The recombination of S atoms has been found to be stepwise from the smallest unit, the elemental S atom, to the most abundant molecule S 8. The reaction between S S2 → S3 has not been reported either experimentally or by theory, but may be a key intermediate step in the formation of sulfur aerosols in low-O2 atmospheres. In this work, the kinetics of this reaction is reported with Ar gas used as the chaperone molecule in the production of S3 via two complex intermediates: SAr + S2 and S2Ar + S. Quasi-classical and classical trajectory methods are used. The rate constant of the S + S 2 + Ar → S3 + Ar reaction is determined to be 2.66 × 10-33 cm6 mol-1 s-1 at 298.15 K. The temperature dependence of the reaction is found to be 2.67 × 10-33 exp[143.56(1/T-1298.15)]. The second-order rate constant of S + S2 → S3 is 6.47 × 10-14 cm 3 molecule-1 s-1 at 298.15 K and the Arrhenius-type rate constant is calculated to be 6.25 × 10-14 exp[450.15(1/T-1298.15)] cm3 molecule-1 s-1. This work provides a rate coefficient for a key intermediate species in studies of sulfur formation in the modern Venus atmosphere and the primitive Earth atmosphere, for which assumed model rate coefficients have spanned nearly 4 orders of magnitude. Although a symmetry-induced mass-independent isotope effect is not expected for a chaperone mechanism, the present work is an important step toward evaluating whether mass-independence is expected for thiozone formation as is observed for ozone formation.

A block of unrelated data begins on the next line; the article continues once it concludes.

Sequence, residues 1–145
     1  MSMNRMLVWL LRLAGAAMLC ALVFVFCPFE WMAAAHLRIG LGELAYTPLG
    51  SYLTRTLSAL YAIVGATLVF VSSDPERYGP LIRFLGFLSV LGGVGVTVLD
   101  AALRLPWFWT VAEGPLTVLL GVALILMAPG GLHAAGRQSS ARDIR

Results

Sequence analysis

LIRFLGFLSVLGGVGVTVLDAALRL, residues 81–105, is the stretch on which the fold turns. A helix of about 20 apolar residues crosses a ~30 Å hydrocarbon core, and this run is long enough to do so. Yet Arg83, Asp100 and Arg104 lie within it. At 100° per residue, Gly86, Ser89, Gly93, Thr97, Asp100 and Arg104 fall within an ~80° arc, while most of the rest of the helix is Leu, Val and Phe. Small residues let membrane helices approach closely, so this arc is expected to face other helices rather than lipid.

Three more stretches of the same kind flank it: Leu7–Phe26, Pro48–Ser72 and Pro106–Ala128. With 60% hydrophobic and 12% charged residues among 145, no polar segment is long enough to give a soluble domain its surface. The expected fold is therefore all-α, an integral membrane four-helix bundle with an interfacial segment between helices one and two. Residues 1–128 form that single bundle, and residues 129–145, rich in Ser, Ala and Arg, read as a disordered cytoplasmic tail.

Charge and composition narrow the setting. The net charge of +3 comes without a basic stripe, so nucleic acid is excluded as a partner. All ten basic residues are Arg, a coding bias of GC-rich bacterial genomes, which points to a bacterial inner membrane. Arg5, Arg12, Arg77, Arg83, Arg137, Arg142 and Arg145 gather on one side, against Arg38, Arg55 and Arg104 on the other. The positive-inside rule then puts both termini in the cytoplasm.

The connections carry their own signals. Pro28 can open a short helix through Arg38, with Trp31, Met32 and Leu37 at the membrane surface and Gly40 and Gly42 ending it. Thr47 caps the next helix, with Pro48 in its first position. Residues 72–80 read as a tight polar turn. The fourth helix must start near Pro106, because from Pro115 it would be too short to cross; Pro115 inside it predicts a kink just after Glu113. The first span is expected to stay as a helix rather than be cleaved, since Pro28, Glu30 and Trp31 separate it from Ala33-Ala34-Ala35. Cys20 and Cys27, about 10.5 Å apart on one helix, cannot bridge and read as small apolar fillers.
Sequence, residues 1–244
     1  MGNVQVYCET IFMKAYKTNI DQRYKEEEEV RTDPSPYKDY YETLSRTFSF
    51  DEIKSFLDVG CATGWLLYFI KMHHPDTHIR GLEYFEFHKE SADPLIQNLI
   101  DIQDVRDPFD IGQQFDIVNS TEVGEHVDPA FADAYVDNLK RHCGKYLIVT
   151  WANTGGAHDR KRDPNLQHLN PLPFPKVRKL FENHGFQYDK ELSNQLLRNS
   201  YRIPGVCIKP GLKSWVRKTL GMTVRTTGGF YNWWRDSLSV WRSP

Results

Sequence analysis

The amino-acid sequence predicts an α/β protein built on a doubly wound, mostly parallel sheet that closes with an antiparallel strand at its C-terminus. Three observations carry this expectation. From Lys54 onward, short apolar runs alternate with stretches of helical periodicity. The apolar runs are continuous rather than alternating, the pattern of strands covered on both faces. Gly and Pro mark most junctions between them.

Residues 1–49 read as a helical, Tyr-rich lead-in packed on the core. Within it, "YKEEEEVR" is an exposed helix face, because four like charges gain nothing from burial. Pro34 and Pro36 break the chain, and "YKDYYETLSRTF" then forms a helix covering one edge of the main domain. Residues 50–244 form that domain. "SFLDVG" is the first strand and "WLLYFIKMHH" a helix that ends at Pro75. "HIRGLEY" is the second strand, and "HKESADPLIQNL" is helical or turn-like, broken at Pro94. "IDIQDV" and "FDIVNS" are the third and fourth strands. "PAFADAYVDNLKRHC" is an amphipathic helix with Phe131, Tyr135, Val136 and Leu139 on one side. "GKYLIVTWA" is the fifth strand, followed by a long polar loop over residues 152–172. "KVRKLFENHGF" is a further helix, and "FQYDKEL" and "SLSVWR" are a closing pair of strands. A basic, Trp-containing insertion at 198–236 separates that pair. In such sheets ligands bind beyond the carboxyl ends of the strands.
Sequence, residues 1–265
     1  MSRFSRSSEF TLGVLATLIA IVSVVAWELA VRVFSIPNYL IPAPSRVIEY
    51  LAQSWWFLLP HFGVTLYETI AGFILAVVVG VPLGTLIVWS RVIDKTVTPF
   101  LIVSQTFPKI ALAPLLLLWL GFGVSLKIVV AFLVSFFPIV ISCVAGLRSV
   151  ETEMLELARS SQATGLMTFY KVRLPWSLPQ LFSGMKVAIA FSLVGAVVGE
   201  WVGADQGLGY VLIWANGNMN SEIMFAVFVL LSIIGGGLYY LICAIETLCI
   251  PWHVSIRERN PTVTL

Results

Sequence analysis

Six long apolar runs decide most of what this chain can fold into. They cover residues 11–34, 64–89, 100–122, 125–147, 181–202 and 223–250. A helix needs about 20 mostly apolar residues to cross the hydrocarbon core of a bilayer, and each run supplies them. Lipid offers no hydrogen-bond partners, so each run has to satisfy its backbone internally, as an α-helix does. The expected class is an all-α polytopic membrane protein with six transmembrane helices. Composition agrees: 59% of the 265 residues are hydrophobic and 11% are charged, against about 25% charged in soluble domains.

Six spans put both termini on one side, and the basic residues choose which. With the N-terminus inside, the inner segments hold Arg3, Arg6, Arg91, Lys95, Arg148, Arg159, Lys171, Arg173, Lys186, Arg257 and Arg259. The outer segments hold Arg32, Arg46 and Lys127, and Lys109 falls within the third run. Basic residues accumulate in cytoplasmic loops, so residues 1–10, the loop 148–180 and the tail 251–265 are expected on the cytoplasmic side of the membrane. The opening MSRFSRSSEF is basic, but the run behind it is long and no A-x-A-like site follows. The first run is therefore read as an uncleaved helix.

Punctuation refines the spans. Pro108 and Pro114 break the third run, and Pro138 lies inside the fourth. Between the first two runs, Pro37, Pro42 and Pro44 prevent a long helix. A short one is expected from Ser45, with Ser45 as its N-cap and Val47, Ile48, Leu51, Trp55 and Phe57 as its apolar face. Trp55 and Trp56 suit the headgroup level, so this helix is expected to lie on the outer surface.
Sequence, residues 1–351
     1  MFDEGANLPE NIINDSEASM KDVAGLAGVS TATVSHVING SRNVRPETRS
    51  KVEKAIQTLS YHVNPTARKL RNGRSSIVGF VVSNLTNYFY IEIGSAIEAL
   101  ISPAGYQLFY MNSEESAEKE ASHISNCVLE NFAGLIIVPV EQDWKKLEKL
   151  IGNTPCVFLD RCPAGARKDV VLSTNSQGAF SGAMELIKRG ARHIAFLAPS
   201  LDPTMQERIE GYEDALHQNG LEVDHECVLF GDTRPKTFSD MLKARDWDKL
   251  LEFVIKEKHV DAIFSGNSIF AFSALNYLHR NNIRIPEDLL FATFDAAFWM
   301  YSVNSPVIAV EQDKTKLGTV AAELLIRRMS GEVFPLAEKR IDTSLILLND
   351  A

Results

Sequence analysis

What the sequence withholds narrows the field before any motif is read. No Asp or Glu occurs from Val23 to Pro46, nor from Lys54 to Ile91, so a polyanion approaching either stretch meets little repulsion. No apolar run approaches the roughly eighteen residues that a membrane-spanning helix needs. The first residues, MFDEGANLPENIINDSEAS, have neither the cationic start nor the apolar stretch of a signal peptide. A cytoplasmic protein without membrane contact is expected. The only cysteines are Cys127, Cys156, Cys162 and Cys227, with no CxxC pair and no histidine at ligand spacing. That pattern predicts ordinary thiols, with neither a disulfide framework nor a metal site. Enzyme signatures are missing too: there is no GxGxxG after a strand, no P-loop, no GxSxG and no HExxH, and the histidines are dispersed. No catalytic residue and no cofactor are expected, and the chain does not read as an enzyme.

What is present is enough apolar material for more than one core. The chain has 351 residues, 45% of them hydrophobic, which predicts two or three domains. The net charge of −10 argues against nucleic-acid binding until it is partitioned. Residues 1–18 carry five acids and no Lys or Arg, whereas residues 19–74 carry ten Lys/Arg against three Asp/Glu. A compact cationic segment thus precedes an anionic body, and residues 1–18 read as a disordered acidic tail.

ASJC Scopus subject areas
- Physics and Astronomy(all)
- Physical and Theoretical Chemistry